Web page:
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Stockton ratings
Quality on a good day: 2.0
Consistency of Surf: 4.0
Difficulty Level: 1.0
Crowds: 3.0

Overall: 2.8

See all 18 ratings

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Surf Report Feed

Stockton Swell Statistics, September: All Swell – Any Wind

This image describes the range of swells directed at Stockton over a normal September and is based upon 2880 NWW3 model predictions since 2006 (values every 3 hours). The wave model does not forecast wind and surf right at the coast so we have chosen the optimum grid node based on what we know about Stockton, and at Stockton the best grid node is 35 km away (22 miles).

The rose diagram describes the distribution of swell sizes and swell direction, while the graph at the bottom shows the same thing but without direction information. Five colours represent increasing wave sizes. Very small swells of less than 0.5m (1.5 feet) high are shown in blue. These occurred only 13% of the time. Green and yellow show increasing swell sizes and highest swells greater than >3m (>10ft) are shown in red. In both graphs, the area of any colour is proportional to how commonly that size swell was forecast.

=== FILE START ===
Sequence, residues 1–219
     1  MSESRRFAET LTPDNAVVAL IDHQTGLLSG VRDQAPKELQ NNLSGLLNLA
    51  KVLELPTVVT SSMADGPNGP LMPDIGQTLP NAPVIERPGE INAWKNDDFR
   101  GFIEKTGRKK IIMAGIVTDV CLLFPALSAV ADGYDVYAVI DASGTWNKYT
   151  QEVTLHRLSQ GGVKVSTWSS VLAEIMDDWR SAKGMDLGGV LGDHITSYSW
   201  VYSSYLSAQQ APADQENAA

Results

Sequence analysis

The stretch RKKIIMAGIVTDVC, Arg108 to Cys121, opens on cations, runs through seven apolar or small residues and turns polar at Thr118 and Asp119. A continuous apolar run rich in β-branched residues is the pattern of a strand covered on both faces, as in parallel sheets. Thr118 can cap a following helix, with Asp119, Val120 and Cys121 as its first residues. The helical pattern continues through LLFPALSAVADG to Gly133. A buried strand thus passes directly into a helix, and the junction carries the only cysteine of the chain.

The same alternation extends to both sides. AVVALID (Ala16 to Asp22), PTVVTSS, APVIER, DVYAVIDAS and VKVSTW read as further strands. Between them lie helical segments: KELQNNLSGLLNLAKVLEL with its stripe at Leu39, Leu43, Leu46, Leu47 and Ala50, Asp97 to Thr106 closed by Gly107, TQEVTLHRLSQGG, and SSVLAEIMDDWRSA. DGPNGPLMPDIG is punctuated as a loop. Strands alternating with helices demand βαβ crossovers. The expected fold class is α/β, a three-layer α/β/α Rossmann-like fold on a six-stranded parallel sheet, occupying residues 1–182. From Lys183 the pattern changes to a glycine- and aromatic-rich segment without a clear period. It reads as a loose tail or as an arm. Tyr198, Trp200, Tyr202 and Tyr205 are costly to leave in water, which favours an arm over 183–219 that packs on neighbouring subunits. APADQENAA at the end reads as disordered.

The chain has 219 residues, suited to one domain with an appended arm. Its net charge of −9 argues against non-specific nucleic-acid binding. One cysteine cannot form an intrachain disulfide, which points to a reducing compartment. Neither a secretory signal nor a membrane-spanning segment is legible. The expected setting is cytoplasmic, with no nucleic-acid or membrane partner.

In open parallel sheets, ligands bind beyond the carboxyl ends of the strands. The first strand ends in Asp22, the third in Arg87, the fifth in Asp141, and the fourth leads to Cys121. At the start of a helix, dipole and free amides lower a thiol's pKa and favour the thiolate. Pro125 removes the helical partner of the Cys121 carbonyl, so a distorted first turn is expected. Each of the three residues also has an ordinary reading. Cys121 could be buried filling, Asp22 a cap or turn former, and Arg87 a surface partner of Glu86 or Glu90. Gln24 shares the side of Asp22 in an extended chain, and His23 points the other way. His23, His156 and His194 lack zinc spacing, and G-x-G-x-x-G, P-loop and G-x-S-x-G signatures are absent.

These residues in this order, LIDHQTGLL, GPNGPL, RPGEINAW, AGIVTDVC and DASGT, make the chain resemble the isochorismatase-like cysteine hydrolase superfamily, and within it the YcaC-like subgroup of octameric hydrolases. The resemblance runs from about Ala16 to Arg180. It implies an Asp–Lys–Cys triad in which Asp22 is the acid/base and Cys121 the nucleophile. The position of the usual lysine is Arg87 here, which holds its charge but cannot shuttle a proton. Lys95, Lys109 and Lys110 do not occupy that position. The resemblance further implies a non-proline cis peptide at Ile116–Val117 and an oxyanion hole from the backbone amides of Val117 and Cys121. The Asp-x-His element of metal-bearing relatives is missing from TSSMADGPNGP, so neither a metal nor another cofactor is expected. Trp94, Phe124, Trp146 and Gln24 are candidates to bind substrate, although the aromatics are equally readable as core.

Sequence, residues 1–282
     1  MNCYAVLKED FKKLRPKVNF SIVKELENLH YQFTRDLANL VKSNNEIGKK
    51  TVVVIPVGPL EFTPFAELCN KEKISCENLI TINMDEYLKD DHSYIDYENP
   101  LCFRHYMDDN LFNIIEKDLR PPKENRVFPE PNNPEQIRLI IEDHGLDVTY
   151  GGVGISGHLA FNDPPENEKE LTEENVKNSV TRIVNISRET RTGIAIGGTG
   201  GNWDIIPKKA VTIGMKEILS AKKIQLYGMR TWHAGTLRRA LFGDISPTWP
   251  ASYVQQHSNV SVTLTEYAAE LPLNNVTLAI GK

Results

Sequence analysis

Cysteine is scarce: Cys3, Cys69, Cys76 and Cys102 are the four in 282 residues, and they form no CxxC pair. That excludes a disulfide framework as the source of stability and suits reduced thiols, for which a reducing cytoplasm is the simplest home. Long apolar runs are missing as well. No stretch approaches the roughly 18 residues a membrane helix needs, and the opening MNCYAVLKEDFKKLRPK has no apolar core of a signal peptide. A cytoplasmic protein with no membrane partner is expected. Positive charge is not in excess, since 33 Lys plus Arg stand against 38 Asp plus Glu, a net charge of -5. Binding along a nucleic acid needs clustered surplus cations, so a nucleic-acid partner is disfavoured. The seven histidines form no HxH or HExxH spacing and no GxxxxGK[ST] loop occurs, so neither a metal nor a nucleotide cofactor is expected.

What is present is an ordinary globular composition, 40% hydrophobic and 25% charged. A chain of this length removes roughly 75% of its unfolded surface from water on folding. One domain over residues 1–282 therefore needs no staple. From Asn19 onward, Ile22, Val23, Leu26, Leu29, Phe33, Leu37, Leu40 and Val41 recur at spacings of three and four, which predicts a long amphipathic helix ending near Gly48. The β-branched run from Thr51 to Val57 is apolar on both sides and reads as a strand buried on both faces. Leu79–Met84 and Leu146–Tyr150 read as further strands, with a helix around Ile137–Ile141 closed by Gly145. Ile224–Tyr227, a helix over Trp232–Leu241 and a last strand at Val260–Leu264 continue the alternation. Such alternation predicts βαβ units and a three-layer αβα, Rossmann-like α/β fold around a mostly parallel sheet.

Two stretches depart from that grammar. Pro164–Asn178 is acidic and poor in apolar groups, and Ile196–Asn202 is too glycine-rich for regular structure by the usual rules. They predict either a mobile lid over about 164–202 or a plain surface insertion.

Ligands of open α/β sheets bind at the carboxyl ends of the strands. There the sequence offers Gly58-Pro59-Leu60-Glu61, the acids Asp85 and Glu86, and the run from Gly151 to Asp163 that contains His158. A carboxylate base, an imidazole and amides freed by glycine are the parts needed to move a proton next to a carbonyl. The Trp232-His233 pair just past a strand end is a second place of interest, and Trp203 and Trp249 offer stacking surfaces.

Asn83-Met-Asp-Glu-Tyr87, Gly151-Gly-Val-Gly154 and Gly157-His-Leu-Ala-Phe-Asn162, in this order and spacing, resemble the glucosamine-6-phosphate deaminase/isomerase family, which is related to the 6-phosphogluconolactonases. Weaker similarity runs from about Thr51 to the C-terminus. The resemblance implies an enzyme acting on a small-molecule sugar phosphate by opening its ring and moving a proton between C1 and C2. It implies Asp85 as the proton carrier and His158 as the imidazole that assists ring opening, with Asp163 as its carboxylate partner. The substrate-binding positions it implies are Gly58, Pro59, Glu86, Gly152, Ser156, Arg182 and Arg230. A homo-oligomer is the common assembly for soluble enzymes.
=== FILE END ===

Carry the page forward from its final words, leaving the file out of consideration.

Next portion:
The diagram implies that the most common swell direction, shown by the biggest spokes, was SE, whereas the the dominant wind blows from the NE. Because the wave model grid is out to sea, sometimes a strong offshore wind blows largest waves away from Stockton and offshore. We combine these with the no surf category of the bar chart. To keep it simple we don't show these in the rose graph. Because wind determines whether or not waves are good for surfing at Stockton, you can load a different image that shows only the swells that were forecast to coincide with glassy or offshore wind conditions. During a typical September, swells large enough to cause clean enough to surf waves at Stockton run for about 87% of the time.

IMPORTANT: Beta version feature! Swell heights are open water values from NWW3. There is no attempt to model near-shore effects. Coastal wave heights will generally be less, especially if the break does not have unobstructed exposure to the open ocean.